Experts from the Joslin Diabetes Centre in Boston have compiled a list of the special precautions needed for diabetics facing high summer temperatures. Although the list was compiled for American, the scorching heat throughout most of England in July means that the study has relevance for UK diabetics also.
Catherine Carver, the director of educational services at Josli, said: “People with chronic diseases like diabetes as well as people taking certain medications, including heart disease medications and diuretics, which are often used to treat complications of diabetes, are at increased risk of experiencing difficulties in the heat, even though they may not be aware of it.”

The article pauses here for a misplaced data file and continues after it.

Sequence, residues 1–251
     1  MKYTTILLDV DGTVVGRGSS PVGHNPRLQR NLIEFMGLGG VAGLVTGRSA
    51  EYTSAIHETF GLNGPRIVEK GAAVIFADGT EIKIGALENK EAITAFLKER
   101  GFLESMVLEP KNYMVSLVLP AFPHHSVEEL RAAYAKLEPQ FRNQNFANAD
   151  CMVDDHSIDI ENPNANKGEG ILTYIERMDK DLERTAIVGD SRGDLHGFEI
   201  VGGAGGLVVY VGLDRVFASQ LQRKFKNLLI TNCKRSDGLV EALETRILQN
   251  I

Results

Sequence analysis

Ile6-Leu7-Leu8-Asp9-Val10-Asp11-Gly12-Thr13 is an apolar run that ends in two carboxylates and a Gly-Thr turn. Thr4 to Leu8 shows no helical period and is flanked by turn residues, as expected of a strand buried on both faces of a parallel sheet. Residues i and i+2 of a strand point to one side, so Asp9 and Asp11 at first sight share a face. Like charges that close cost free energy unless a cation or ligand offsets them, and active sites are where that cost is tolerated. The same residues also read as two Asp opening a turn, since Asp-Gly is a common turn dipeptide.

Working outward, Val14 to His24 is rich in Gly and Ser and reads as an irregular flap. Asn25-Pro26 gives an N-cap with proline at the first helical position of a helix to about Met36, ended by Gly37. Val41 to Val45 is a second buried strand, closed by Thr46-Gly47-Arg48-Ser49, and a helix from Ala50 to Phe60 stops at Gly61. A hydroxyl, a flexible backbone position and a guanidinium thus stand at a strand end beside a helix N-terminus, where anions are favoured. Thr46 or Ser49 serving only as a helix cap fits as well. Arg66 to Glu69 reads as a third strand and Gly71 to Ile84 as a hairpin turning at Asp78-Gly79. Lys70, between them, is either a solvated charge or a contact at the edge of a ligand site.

The following tips could make summer easier for diabetics:
Watch out for dehydration caused by low fluids or poorly managed blood glucose . Drink plenty of water and limit alcohol intake.
Be aware of heat exhaustion, particularly when outdoors for some time. Be aware of symptoms such as dizziness, sweating, muscle cramps, clammy skin, and headaches. Keep water levels topped up.
Exercise somewhere cool, or at cool times of day.
Check blood glucose levels at least four times a day, because heat can cause blood glucose levels to fluctuate.
Keep insulin, meter and strips somewhere cool and dry. Be aware of the effects of heat on insulin.
Coping with the heat can be difficult as a diabetic, and if you are experiencing problems or have any concerns it could be worth consulting with your healthcare team.

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